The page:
• index.html, application view container (create-react-app default index file)
    • main.js, script that bootstrap and handle the application
  • scripts, nothing important to be seen here
  • src: where the magic happens ?
    • /bricks, all the components/bricks. Understand, all the quick tools to interact with code. Each folder represents a brick. Each brick is represented by a brick.js file (that holds all the logic) and renderer.js which is basically a React component, displaying the state from its parent, brick.js. More details below about bricks.
    • /components: all the React components from the UI
      • /_ui, any common UI component (Button, Alert, Container...)
      • /_containers, are not React containers. More like important wrappers such as the project's Root, or EditorWrapper
      • /**, everything else. Their names should all be pretty explicit. If not, do not hesitate to suggest another name!
    • /editor: all the editor's logic
      • /events, every event that can be triggered by a key
      • /hint: contain everything related to autocompletion and snippets. More information below in "Editor#Hint, autocomplete"
        • /modes, each file there is associated to a code "mode". Basically, if you want to add sass suggestions, you would simply create a new file called hint/modes/sass.js
        • /snippets, similar to modes but this time only return a list of code snippets, aiming to generate more code by calling simple keywords
        • index.js, register every hinter and snippets and let the user benefit from them
      • /managers: easily access complex editor elements (os notifications, global events, parent process...)      - /application, represent the whole application. Its .environment attribute is extremely useful to run commands or fetch specific information about the running environment      - **, anything else, still important
      • /search: contain everything related to global search
        • /plugins, each plugin bring another feature to the search command
      • /menus, specific context menus. More information below
    • /store:
      • /models, each model is actually a rematch reducer. If you're familiar with Redux, there should be no difficulty understanding this library. I recommend it to you by the way, it's pretty neat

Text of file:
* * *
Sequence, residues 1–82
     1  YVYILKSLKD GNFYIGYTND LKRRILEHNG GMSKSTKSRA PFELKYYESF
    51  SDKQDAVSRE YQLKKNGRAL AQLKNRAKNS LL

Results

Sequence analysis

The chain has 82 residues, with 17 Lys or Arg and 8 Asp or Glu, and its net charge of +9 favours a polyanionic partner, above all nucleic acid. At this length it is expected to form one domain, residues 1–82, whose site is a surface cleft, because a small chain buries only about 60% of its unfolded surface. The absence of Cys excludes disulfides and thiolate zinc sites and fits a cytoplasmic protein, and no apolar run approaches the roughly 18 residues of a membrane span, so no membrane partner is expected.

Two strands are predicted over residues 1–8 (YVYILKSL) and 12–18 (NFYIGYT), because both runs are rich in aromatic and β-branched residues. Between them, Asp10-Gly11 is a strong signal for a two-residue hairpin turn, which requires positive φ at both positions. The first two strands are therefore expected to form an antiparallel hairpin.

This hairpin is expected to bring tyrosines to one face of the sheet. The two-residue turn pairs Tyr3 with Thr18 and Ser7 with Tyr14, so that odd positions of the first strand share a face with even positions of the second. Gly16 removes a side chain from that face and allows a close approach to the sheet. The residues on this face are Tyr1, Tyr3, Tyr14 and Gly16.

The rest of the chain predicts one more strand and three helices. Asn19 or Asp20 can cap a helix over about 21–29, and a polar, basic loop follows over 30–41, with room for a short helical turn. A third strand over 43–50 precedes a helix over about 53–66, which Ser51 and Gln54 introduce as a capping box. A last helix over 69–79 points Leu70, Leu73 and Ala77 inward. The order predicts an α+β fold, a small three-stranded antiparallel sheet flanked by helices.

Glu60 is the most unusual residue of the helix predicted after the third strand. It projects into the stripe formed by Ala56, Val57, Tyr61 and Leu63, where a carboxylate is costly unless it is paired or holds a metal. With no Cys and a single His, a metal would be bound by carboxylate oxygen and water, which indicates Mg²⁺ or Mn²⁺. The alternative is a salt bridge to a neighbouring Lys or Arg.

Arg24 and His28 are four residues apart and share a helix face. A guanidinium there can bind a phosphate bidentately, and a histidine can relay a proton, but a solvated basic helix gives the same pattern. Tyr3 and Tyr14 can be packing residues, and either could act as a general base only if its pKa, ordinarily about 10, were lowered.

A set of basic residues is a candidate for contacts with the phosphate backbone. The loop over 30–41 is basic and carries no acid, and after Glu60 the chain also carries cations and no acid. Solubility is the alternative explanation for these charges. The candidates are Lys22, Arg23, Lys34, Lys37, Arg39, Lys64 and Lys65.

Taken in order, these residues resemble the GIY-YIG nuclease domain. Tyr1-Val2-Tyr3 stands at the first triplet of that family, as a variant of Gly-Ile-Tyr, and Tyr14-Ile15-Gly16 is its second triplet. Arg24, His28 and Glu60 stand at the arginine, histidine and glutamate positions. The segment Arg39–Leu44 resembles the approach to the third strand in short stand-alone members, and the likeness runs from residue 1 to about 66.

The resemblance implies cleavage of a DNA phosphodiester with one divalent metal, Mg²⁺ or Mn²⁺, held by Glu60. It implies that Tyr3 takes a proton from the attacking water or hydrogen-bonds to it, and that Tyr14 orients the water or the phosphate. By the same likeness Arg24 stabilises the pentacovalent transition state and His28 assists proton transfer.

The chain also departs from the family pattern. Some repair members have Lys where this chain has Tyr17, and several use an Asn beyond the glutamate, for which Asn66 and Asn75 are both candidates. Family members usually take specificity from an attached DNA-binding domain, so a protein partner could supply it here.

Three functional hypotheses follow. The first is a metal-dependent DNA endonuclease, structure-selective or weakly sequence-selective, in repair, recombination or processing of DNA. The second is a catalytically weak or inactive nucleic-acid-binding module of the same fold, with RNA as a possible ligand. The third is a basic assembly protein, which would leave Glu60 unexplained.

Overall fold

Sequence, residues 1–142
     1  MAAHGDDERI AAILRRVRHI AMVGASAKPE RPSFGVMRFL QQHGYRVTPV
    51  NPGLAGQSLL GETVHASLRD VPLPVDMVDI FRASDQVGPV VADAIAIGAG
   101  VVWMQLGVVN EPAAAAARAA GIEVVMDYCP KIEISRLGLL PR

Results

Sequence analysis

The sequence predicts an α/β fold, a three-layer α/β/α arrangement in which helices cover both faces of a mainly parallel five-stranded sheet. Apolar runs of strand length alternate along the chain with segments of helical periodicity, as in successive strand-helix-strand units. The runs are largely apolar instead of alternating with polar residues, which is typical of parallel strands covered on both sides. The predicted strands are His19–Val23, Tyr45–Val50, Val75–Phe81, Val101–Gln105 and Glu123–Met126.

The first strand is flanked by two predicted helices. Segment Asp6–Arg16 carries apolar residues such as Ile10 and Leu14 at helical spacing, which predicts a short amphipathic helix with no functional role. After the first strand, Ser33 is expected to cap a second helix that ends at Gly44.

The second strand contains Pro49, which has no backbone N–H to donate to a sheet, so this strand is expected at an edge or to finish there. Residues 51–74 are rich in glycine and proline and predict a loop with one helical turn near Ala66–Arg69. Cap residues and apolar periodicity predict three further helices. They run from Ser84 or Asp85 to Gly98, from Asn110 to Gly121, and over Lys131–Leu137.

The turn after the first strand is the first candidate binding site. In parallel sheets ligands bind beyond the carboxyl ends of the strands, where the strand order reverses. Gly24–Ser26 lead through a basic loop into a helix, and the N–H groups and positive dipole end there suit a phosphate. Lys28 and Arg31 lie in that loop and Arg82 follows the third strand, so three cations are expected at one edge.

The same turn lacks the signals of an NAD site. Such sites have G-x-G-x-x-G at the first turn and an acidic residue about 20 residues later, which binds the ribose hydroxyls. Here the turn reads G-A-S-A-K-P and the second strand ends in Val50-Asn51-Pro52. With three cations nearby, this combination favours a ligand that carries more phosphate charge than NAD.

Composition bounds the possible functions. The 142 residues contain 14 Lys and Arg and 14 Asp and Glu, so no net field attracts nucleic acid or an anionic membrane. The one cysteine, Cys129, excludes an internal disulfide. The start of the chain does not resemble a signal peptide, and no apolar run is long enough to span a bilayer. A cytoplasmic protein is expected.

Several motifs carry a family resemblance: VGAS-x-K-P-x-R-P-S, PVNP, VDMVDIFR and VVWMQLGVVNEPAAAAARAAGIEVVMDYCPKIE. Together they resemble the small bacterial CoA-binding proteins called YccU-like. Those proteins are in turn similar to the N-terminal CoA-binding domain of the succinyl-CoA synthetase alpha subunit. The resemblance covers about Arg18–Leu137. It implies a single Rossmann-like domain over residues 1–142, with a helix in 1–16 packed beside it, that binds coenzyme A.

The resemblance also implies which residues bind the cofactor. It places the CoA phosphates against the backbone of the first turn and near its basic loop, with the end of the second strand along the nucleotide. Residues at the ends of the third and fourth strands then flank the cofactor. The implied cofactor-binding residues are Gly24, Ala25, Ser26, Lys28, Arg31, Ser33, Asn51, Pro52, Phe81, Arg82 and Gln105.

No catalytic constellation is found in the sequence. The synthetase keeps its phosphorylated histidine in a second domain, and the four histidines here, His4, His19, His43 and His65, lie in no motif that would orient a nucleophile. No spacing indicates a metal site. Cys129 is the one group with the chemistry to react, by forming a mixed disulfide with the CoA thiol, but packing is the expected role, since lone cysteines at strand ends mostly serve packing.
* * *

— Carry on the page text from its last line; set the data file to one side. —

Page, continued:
• index.js, import every plugin and reducers, then bootstrap our app's store and export it
    • /themes: anything related to general design: editor theme, fonts, syntax highlighter
      • /editor, general application theme. Only dark for now
      • /fonts, fonts. Fonts.
      • /syntax, any syntax highlighter for the code editor
    • /tools, read more below
    • /utils, pretty straight-forward. Give it a look if you're curious or need more helpers


The editor's logic lives inside src/editor. I tried to keep its structure as simple as possible but it will for sure evolve over time. The following sections describe which elements the editor requires to work.


Managers' goal is to abstract complex operations. You want to run a command and fetch its output? Use method. You need to send an os notification? Use NotificationsManager.success to do so. You need to ask something to the user? Call PromptUserManager.ask. Basically, a manager should simplify a process. It should provide only static methods that can therefore be accessed from anywhere without spending time instantiating it.


If you want to add any customised menu when clicking somewhere on the editor, create a new file inside src/menus extending _base-menu.js (please refer to file-tree-entry-menu.js to get a meaningful example). Then export it inside src/menus/index.js and import it whenever you need it.

To open one of these menus manually:

import { specificMenu } from '../menus';

  onContextMenu={(event) => {
    // You can also pass no data to .open(...), consider the following
    // as a plain example{ title: 64, description });


Whenever the current code is updated, a brick will receive the raw code, an AST and the current state of the application. What is also worth noting is that there is a two-way binding. If the user directly interacts with the brick (e.g add a new prop to the component), this will trigger a CodeOperation which will be executed through a Commit. The idea behind this is that you can generate/update/remove code directly when interacting from the brick renderer. When the new code is generated, if the output is different from the current code, the generated code will be dispatched to the editor. Afterwards, the updated code will be sent through all the bricks once again so each brick can update its renderer.